Canada’s Parliament overwhelming vote to request Pope Francis apologise for residential schools
It was a private member’s motion and it has passed almost unanimously in Canada’s House of Commons. It calls on the Pope to apologize for the Catholic Church’s role in the abuses against indigenous children in the residential school system.
Canada’s residential school system for over 100 years took indigenous children from their homes to be placed in residential schools often far from families, In those schools, run by various religious orders, the children were too often subject to physical, emotional and sexual abuse. That abuse has led to a legacy of difficulties for individuals, their descendants, and entire communities.
In recent years that abuse has become recognised as such, and those religious groups have apologised and paid varying degrees of compensation.
The majority of schools spread out across the country, almost three-quarters of them – were run by groups associated with the Catholic Church, which is the only religion not to have formally apologised. It has also not lived up to its financial commitments agreed to in a 2006 settlement.
Charlie Angus of the New Democratic party introduced a motion to have the Parliament send a formal request to the Pope for an apology hoping that would give enough weight to move Pope Francis to visit Canada and make a formal apology. This was one of the recommendation of Canada’s Truth and Reconciliation Commission to help residential school survivors in their healing process.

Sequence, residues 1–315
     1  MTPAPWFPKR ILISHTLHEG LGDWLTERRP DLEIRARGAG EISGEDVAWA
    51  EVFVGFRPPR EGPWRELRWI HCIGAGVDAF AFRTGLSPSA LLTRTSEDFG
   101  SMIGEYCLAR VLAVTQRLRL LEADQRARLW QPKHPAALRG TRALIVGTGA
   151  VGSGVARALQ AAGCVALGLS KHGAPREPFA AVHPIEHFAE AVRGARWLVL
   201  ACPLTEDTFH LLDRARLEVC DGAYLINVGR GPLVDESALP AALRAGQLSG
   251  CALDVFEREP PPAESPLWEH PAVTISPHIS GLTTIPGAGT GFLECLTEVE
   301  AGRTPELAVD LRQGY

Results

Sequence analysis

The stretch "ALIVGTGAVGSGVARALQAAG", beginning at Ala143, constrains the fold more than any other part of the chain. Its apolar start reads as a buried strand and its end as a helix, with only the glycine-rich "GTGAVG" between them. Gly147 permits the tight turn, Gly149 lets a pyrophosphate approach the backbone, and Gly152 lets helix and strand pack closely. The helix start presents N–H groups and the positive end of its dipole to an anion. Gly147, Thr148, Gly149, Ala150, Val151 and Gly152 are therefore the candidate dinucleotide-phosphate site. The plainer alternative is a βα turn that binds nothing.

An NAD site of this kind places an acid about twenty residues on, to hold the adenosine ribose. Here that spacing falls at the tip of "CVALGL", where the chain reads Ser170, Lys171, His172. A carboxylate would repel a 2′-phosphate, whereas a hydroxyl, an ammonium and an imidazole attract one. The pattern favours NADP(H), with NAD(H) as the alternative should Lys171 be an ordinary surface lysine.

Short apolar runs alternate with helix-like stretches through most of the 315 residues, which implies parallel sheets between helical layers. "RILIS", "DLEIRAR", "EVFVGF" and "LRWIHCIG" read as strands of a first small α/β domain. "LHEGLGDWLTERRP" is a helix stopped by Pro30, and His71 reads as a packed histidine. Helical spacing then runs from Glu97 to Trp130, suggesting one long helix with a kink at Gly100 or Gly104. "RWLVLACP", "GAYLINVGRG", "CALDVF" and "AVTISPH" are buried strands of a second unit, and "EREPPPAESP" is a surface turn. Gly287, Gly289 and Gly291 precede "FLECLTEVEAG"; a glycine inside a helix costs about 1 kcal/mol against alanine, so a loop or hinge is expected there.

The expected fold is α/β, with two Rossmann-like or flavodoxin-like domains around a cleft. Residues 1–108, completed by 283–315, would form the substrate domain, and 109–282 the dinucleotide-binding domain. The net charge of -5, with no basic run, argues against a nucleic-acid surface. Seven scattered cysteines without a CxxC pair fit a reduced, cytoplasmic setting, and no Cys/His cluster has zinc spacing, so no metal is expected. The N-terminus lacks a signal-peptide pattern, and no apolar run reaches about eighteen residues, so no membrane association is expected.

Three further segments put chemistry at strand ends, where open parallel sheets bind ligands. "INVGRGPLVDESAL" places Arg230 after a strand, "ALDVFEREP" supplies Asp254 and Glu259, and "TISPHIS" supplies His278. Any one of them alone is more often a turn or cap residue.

The vote on the motion was carried with a majority of 269 to 10.
The motion calls on the Catholic Church to respect both its moral obligations and the spirit of the 2006 Indian Residential Schools Settlement Agreement.
It also calls on the Church to fulfill its commitment to raise $25 million for residential school survivor healing programs, and hand over all relevant documents related to the abuse the students suffered.
Bill Erasmus is the Northwest Territories regional chief Bill Erasmus, who holds the portfolio for residential schools for the Assembly of First Nations. He and several other aboriginal leaders say a visit to Canada to give a personal apology is necessary in the process of righting wrongs
“Part of the reason people want an apology is to first of all have the church admit they did harm,” Erasmus said. “Then you can forgive them, you can actually accept the apology. It makes it real and it helps the healing — it helps to sort things out, so people can move forward and move on with their lives.”
In light of requests for Pope Francis to issue a formal apology the Canadian Conference of Catholic Bishops said in March that while the Pope expressed regret for what the suffering of the children he felt he could not personally respond. The Conference later said it was their role not the Pope’s to work toward reconciliation.
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